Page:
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STEM Class - Fall 2020

Blog Type:  STEM Lower School
Date Posted:  Friday, December 18, 2020

During the 1st semester the STEM program was structured as hands-on project-based learning. 

True to the acronym “Science / Technology / Engineering / Math”, our inquires were developed in series and crossed disciplines. 

  • G1 flight is explored through butterfly observation drawings,the Monarch butterfly migration, and building windmills and catapults. 
  • In G2 observational drawings of marine animals were followed by “Ocean in a jar” which links an illustration of the ocean layers to the introduction of liquid density. 
  • G3 explored engineering in 3 successive modes of transportation: cars (wheels and axles), high performing paper airplanes, and rafts. 
  • In G4 anatomically correct drawings of the bones of the hand were followed by a working cardboard robotic arm. 
  • G5 did a series of open-ended scientific experiments: the egg drop (gravity, action and reaction), the egg float in saltwater (liquid density), and built an electromagnet. 

To ensure equity and participation, the students received project materials packages for most projects. To make it fun (student engagement), we combined play with engineering creativity and scientific inquiry. In G3-through G5 we built truss bridges and pyramids with gumdrops and toothpicks. In “design for our toys” G2 built swings (engineering),  G3 built Towns (architecture and planning), and G5 built Dream Rooms (furniture and interior design). While in G1 through G3 the process is more guided, in G4 and G5  the projects become more open and design-oriented. Making a paper soccer ball is fun (G5), but did you also know that it is the geometric solid “icosahedron”? In G1 and G2, we also extended STEM into STEAM, adding “art and diversity” - Pueblo pottery, California Native American basket designs, Haida drawings, and holiday crafts from various cultures.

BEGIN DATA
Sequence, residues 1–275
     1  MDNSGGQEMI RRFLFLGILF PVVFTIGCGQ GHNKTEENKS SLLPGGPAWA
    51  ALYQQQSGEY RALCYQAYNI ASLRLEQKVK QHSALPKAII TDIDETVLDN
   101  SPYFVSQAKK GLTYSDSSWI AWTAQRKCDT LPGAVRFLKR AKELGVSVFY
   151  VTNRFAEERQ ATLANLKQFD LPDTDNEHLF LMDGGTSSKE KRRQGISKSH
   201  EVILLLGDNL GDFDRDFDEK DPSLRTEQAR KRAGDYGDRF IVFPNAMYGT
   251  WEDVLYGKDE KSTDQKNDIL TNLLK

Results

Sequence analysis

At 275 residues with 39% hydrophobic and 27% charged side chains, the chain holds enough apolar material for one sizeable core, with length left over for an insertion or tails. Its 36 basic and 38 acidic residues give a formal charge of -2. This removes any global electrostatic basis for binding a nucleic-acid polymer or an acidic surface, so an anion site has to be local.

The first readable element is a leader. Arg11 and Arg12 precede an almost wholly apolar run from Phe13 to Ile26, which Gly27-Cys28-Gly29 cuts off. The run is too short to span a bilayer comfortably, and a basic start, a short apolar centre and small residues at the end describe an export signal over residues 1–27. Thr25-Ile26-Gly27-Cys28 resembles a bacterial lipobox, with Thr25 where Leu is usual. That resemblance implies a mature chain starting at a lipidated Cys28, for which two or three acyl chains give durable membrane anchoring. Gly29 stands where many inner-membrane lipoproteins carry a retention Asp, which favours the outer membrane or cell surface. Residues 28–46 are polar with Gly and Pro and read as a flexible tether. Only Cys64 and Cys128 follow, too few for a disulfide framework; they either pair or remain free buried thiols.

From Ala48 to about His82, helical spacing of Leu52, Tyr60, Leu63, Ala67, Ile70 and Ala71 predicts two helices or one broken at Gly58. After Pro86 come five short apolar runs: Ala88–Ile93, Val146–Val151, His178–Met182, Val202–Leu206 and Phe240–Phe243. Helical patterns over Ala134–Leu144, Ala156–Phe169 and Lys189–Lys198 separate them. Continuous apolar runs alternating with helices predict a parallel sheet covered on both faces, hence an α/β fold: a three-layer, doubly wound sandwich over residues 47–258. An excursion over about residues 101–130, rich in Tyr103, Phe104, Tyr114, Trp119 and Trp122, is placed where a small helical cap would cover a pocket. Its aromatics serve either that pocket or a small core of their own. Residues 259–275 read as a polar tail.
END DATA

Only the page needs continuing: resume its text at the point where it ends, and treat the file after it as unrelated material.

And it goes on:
We used technology for communication, autonomous instruction and further extensions. The teacher uses 2 cameras and 2 screens for full screen zoom demonstrations with immediate student feedback. The zoom demonstration is accompanied by step-by-step photo instructions on Seesaw, and printed manuals of these instructions in the package. Further extensions are provided by instructional videos by outside sources.

After returning on-site at EB, in G1 through G3 STEM is taught in collaboration with the classroom teachers: The STEM teacher prepares individual project packages and links in through zoom for a step-by-step demonstration. The classroom teachers provide immediate assistance and are vital for the success of the projects. We take advantage of the zoom instruction for STEM to integrate the on-site and home-learning students who participate at the same time, and can see each other through the zoom screen.

The rigorous quality of the STEM program is best described by the quality of student work. They not only create amazing and different projects but also conduct and document thorough experiments.